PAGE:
I 've never been afraid to go places. My mum gets bad anxiety about all the terrorist attacks—I had a school trip to the West End right around the time of that stabbing on the bridge, and she really didn't want me to go. But I told her, "You can't let this stuff stop you. You can't, because then they win!" I never feared it, but I'd never been through it. Last night changed that.
I'd been to Manchester Arena a couple of times—I saw Justin Bieber there once—but this was my first Ariana Grande concert. My dad took me, along with our family friend's two little kids.
We were sitting in a VIP box so we could see everything. I noticed this one girl below us—she looked so excited and was dancing the entire concert. I've been checking Twitter nonstop all night and day and my stomach dropped when I saw a picture of her. I think she's one of the missing girls.
It had been such a great concert. Ariana walked on stage at 9 p.m. and sang until 10:29 p.m.—I know the exact time because my dad wanted us to leave early, since it was a school night.
Her last song was a surprise encore of "Dangerous Woman." It was so great. Hundreds of these pink balloons fell from the ceiling. We actually thought all the banging noise we heard later was just the balloons popping.
My dad kept pushing us to leave because he wanted to beat the traffic. We started to walk out right after "Dangerous Woman," at 10:33. The crowd was packed really tightly, forming all of these queues, but I figured that was normal.
The first strange thing I saw was a group of girls hysterically crying. I saw one girl with blood on her cheek. I thought maybe they'd had a fight, or maybe someone pushed them in the crowd. Once we were outside, my dad bought me a T-shirt from one of the vendors. Suddenly everyone around us started to run.
At first we thought everyone was just trying to to beat the traffic like we were. So I grabbed my dad's hand, and then the hands of the little kids with us, and we ran into the car park toward our van. That's when we saw the fire brigade arriving, and the rapid-response police cars. There was so much noise—sirens, people screaming, honking horns, and so many phones ringing. All these teenagers, even 12- and 13-year-olds, were screaming into their phones, trying to get their parents to hear them.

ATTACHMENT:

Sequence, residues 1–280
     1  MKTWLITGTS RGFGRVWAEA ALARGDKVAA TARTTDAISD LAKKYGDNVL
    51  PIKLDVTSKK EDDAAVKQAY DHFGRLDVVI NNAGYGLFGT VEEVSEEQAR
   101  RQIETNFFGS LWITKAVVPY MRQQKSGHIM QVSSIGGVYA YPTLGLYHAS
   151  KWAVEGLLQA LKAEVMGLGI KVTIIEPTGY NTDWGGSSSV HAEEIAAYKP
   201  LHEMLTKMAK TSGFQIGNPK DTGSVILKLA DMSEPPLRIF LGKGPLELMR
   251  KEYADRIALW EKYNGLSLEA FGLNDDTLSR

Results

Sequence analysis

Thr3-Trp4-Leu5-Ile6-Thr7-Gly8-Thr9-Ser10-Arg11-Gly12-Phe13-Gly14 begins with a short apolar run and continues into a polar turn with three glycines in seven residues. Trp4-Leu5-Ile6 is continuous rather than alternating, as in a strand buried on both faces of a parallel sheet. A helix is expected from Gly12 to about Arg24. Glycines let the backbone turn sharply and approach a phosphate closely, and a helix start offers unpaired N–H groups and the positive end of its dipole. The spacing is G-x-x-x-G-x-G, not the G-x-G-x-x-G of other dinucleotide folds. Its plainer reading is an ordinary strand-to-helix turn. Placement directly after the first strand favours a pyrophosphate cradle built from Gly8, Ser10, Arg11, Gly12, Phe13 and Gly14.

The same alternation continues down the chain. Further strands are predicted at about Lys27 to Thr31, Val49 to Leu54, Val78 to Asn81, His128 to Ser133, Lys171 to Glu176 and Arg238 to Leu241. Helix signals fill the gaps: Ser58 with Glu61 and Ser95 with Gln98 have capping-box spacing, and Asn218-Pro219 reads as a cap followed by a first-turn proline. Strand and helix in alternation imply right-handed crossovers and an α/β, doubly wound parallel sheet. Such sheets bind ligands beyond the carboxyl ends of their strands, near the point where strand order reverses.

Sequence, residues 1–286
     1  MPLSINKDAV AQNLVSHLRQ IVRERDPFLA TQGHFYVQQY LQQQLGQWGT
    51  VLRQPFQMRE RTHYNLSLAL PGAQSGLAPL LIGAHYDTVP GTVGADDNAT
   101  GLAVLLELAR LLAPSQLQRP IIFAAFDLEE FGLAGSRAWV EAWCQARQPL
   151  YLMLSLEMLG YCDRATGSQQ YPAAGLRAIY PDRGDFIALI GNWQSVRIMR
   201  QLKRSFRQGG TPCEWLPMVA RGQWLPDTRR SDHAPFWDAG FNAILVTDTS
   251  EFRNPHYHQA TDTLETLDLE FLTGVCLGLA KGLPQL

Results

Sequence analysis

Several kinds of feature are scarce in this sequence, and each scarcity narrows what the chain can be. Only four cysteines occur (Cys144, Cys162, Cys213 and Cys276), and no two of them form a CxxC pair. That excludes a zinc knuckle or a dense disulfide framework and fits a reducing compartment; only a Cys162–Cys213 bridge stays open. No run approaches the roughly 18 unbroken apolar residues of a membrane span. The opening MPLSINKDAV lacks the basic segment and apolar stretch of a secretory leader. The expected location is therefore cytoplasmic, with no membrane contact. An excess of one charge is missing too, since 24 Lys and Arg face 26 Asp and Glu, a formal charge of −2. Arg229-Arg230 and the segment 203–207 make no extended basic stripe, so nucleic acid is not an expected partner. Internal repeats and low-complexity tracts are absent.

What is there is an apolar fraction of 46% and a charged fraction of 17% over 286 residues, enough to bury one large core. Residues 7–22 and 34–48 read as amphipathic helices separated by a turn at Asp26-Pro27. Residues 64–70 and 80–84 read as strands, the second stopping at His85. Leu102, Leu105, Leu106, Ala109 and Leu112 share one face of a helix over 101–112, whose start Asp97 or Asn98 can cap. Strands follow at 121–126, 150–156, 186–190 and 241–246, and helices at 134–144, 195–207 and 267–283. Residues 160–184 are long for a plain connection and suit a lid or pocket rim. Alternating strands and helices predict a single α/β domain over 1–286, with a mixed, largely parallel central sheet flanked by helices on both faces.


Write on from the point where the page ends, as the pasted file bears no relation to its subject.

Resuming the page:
Maybe I was oblivious, but I wasn't scared yet. We just kept running and running. My dad started saying, "Something serious is going on. Something must have happened." He is still taking it the hardest. He's been crying today, wondering what would have happened if we'd stayed one minute longer.
We just focused on getting to the van and getting out of there. We saw two girls standing on an island in the road as we passed, blood on their heads. Could it have been a riot? A knife attack? We still didn't know. I checked Twitter and saw that some people said it was a suicide bombing, but I thought that couldn't be right. It was a children's concert. Who would do that?
Then I realized that they hadn't checked our bags at the concert. Security didn't look—one of my friends who was there even snuck alcohol in through her purse. They didn't check my bag once. I could have brought in whatever the hell I wanted.
My dad dropped me off at my mum's house around midnight. I couldn't go to sleep. I had like a hundred messages and missed calls from my friends, and I was trying to reply to everyone so they knew I was alive. I stayed up until 3 a.m., just thinking and reading Twitter, looking for more updates.
It was so strange. You always see celebrities tweeting after disasters, sending their love or whatever. Now they were sending love to Manchester, to me.
I do feel like I don't trust things anymore. I'm supposed to go to the shopping center next week to get some new makeup and shoes for a big music festival in Manchester next month, but my mum doesn't want me going into the city again, let alone to the festival. There was another terrorist threat here already today.
I hope Ariana is okay. Her statement last night about being "broken" made me feel horrible. If I could talk to her, I would say, "Don't worry. It could have been anyone's concert. It could have been anything. You don't know what's around the corner."